Korean as Is mentions several very interesting points in his last article. I was going to respond in a comment, but as my comment was looking more and more like a post I decided to leave it here instead.

James wishes that Koreans would replace the expression ‘우리말’ with some other term. For myself I like the sound of ‘우리말’ much more than ‘한국어’ and use it quite regularly in conversations with people. At school when I use it with children they are never confused and often I can use it with adults in normal conversations and not get challenged. Im very curious though how many other foreigners learning Korean use ‘우리말’ for Korean in their speech.

I have several reasons for using it myself. . . one is that although technically ‘우리말’ means ‘our language’ it’s only every used by Koreans to mean the Korean language. . . and thus it’s really just a synonym that means (regardless of the speaker) 한국어. I also feel that if I’m speaking Korean with another Korean it is “our” language, our common language.

Lastly I feel that no word that Koreans use should be off limits to foreigners just because they are a foreigner. I have had people tell me several times that I shouldn’t use this or that common hip phrase because it sounded strange for them to hear a foreigner talk normal colloquial Korean. In Korean I want the whole package, and speak everywhere appropriatly and understand any situation.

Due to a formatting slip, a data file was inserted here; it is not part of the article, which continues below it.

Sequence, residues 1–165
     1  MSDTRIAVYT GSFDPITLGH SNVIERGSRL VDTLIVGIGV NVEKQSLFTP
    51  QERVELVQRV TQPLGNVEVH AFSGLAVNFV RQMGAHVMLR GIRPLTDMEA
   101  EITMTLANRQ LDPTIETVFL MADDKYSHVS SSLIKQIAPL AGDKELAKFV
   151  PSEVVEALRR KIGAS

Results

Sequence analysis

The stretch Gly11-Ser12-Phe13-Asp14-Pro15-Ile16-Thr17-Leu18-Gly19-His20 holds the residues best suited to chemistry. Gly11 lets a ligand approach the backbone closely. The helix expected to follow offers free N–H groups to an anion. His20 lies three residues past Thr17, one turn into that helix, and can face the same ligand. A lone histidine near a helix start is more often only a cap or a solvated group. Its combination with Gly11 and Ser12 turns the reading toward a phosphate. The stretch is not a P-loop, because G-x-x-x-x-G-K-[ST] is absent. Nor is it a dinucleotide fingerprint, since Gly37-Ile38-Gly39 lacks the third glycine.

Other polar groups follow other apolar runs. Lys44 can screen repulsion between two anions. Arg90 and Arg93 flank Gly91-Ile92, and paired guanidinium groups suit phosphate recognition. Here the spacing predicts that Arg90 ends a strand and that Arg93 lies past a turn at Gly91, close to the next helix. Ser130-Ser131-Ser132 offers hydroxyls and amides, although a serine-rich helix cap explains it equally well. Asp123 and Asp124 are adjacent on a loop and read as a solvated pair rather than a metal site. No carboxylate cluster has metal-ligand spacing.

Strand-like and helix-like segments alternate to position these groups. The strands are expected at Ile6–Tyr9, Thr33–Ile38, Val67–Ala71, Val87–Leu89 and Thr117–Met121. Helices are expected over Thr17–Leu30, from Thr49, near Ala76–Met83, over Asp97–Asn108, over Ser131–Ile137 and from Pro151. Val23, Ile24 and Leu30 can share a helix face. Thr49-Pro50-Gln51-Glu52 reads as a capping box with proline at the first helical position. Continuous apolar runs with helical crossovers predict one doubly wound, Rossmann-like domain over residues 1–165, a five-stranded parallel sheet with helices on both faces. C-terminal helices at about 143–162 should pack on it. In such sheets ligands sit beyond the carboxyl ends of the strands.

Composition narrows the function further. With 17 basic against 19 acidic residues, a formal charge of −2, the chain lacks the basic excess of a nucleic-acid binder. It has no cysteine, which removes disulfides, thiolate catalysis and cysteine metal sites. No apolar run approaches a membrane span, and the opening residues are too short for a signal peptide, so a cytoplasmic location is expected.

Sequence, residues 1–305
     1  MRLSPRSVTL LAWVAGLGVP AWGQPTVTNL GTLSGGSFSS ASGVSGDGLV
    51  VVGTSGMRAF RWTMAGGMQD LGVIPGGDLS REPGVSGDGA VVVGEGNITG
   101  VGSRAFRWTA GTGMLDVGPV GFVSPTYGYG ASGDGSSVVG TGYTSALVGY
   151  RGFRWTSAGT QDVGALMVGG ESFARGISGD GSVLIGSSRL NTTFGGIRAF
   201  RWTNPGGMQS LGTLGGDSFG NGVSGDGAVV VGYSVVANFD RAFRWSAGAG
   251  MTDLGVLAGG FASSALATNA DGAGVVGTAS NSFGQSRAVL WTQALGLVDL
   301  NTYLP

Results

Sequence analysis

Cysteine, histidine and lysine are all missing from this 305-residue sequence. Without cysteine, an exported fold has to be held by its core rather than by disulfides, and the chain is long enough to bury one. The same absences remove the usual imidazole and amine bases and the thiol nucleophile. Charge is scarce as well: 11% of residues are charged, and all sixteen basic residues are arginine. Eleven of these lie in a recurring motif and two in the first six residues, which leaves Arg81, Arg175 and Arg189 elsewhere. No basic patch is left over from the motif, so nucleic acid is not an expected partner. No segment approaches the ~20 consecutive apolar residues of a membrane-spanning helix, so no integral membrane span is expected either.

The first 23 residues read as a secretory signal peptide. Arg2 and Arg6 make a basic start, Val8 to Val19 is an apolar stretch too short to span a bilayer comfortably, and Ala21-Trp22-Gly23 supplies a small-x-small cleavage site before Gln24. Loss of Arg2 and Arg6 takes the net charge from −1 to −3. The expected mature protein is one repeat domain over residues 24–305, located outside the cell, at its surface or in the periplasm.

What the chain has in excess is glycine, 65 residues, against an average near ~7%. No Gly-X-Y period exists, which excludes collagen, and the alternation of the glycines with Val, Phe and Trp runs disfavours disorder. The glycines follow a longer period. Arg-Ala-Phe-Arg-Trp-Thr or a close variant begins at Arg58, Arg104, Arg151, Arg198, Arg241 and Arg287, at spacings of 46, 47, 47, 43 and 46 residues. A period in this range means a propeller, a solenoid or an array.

To me it seems that using ‘우리말’ or ‘우리나라’ though do betray a certain amount of identification with the language and culture. . . but that identification is immensely important if we want to really to speak and use the language as well as a native.

Perhaps the phenomena found in things like Korea’s ‘우리나라’ are also in English but we don’t realize it as much. It sometimes feels a bit funny for me if I hear a non-American call America ‘the States’, but it is a very common way to refer to America by Americans. If someone really identifies with Americans and want to speak American english well they should definitely use that word (and others) like an American.